There are typically two ways a business determines training participation. One is based on mandated training (usually related to promotion/growth), while the other is nomination by the business manager. Both of these are based on picking up from a ‘menu’ of available programs, and neither really takes into consideration the actual learning needs of the individual.
This is where the idea of predictive learning comes in. The idea here is simple … today, with the technology available to us, especially in the Big Data/Analytics domains, the data about what has worked in the past in what context is available to the organization in a large scale. This data is available based on training, HR, and operations/business data. This rich data can be leveraged to determine what is the best training solution which would likely work in a particular employee context. Like Big Data, this neednt look at the reason (or connection) between cause and effect, rather, look at the linkages as they have been seen in the past.
An important aspect of this picture is that this shifts the focus from training and learning, and from L&D to the individual learner, and makes the entire process people-centric.
One concern with this, though, could be that the outcome of the requirements could be way too granular, and too tailored to individual needs, so as to be unviable from the delivery perspective. More about this later …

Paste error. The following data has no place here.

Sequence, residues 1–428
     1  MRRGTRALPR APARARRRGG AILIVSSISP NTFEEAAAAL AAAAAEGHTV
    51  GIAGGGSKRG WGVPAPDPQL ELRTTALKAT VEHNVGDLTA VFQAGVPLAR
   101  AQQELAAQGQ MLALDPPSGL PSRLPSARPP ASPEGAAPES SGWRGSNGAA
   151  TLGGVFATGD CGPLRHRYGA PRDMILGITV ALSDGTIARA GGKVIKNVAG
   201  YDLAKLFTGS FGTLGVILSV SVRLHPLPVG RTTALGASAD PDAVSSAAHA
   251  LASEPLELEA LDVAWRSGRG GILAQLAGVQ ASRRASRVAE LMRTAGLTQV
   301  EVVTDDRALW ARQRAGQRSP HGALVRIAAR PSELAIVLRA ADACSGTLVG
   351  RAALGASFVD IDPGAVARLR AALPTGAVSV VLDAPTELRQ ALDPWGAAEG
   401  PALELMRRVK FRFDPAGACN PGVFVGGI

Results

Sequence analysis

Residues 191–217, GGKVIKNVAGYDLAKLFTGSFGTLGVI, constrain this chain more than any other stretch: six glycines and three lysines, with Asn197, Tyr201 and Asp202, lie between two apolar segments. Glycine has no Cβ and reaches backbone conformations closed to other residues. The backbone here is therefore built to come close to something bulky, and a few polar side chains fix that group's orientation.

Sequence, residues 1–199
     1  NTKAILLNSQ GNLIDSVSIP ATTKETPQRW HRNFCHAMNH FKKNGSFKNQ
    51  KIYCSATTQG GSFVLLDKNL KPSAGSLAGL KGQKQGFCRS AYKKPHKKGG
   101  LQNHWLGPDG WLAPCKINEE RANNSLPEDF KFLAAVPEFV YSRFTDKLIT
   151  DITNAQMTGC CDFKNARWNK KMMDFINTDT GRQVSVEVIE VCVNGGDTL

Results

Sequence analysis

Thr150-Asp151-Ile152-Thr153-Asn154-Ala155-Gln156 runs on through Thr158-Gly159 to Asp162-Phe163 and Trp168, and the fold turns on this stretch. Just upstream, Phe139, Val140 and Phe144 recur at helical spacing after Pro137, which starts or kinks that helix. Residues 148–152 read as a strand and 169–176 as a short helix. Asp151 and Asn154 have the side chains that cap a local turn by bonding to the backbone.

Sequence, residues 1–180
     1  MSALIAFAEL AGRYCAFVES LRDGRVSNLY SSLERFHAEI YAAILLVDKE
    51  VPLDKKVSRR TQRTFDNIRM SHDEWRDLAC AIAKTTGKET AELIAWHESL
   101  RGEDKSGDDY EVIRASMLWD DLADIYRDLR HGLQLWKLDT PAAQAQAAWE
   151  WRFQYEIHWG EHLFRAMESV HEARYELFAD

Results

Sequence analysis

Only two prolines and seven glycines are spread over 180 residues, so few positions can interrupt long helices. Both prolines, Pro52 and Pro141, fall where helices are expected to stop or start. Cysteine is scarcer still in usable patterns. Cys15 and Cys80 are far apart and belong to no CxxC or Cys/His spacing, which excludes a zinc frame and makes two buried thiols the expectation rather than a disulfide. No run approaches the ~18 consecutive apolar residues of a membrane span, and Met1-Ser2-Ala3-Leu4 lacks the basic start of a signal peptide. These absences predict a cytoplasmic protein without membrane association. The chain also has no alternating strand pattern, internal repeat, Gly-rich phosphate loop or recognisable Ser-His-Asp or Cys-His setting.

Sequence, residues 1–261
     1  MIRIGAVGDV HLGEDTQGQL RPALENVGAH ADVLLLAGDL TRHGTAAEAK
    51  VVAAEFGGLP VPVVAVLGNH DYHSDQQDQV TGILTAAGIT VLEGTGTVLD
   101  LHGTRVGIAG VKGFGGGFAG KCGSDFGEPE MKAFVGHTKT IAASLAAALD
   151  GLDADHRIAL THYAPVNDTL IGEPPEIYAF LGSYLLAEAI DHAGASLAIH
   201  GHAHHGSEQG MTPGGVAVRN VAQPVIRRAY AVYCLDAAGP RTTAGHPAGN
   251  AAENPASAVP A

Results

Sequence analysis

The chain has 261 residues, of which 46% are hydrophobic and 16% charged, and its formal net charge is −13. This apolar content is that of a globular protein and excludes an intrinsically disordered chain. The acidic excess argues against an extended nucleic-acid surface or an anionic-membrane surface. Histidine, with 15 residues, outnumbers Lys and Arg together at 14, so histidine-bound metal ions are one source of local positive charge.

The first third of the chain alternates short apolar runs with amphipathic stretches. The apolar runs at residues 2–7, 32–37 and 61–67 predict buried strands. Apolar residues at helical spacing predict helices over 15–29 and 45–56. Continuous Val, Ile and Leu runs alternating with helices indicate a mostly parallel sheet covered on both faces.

I am these days reading a book about Big Data, and going through some of the applications of the technology, I was thinking about some of the ways Big Data can be applied in people matters. I tried to google about usage of Big Data for Performance Management, and didnt quite find much (or maybe thats because the search terms show results for application performance management). One aspect of using technology in HR, I feel, is in the realm of Performance Management.
Today, appraisals are done in an objective manner, with ratings which try to capture achivements and performance. However, as we know, these are a sort of force-fit. What does a rating of “Exceeds Expectation” mean? Does this mean, for instance, that performance is high, or does this mean that expectations are low? Somehow, this seems to be like fitting a square peg in a round hole, or a round peg in a square hole, if you prefer it that way.
An alternative to this could be the usage of technologies like Big Data to handle this. To begin with, managers could have the option of writing their observations, along with specific examples or scenarios as part of the appraisal process. This kind of input gives us rich information about people performance. Instead of trying to fit performance into a quantitative scale, this has the possibility of giving us qualitative inputs into performance.